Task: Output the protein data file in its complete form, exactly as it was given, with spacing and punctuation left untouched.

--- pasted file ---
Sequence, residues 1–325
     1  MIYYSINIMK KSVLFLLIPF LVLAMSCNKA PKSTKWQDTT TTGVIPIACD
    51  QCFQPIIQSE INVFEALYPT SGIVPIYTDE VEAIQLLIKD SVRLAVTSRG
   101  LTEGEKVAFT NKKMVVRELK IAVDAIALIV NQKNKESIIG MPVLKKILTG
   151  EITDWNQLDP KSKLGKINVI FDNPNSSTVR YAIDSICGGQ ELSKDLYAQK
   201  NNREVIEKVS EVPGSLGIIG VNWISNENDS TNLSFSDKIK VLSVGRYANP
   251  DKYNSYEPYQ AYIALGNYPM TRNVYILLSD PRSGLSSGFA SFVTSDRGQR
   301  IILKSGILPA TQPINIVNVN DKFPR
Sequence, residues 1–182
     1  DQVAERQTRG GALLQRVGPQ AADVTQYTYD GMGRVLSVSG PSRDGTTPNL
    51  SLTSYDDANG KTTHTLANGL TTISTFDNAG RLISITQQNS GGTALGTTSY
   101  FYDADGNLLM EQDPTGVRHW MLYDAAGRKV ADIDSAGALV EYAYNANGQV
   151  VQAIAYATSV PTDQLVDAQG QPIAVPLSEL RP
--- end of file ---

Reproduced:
Sequence, residues 1–325
     1  MIYYSINIMK KSVLFLLIPF LVLAMSCNKA PKSTKWQDTT TTGVIPIACD
    51  QCFQPIIQSE INVFEALYPT SGIVPIYTDE VEAIQLLIKD SVRLAVTSRG
   101  LTEGEKVAFT NKKMVVRELK IAVDAIALIV NQKNKESIIG MPVLKKILTG
   151  EITDWNQLDP KSKLGKINVI FDNPNSSTVR YAIDSICGGQ ELSKDLYAQK
   201  NNREVIEKVS EVPGSLGIIG VNWISNENDS TNLSFSDKIK VLSVGRYANP
   251  DKYNSYEPYQ AYIALGNYPM TRNVYILLSD PRSGLSSGFA SFVTSDRGQR
   301  IILKSGILPA TQPINIVNVN DKFPR
Sequence, residues 1–182
     1  DQVAERQTRG GALLQRVGPQ AADVTQYTYD GMGRVLSVSG PSRDGTTPNL
    51  SLTSYDDANG KTTHTLANGL TTISTFDNAG RLISITQQNS GGTALGTTSY
   101  FYDADGNLLM EQDPTGVRHW MLYDAAGRKV ADIDSAGALV EYAYNANGQV
   151  VQAIAYATSV PTDQLVDAQG QPIAVPLSEL RP